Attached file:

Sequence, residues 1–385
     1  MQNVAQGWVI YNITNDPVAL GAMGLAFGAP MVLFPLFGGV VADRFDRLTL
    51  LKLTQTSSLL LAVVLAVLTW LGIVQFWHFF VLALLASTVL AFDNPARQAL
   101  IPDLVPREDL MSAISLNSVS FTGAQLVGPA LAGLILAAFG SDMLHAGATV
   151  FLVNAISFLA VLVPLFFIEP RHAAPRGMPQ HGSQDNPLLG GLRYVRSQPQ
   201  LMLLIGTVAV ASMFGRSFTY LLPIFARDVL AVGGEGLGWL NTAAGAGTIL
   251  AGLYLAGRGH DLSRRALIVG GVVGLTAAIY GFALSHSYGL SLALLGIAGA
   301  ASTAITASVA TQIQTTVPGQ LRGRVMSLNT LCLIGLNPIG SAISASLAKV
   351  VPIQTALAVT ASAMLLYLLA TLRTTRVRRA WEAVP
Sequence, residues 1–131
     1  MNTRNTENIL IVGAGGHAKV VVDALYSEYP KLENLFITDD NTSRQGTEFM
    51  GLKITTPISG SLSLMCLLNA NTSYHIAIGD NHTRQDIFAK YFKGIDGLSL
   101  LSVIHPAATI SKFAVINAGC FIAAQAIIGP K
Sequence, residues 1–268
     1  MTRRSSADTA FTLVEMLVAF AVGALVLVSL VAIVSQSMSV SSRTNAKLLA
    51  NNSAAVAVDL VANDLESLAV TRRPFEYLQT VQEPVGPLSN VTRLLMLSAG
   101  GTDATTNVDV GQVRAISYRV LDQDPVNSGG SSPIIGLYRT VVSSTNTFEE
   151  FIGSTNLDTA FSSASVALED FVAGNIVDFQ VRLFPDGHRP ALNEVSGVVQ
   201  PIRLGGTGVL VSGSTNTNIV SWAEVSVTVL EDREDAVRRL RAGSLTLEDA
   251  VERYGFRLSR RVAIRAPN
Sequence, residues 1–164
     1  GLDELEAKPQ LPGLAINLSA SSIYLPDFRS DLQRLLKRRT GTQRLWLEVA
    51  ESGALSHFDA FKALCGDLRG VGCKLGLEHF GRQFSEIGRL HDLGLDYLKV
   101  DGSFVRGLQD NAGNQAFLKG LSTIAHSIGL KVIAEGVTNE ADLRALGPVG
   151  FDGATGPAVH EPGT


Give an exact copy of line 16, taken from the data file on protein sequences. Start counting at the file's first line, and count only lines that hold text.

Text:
    51  NNSAAVAVDL VANDLESLAV TRRPFEYLQT VQEPVGPLSN VTRLLMLSAG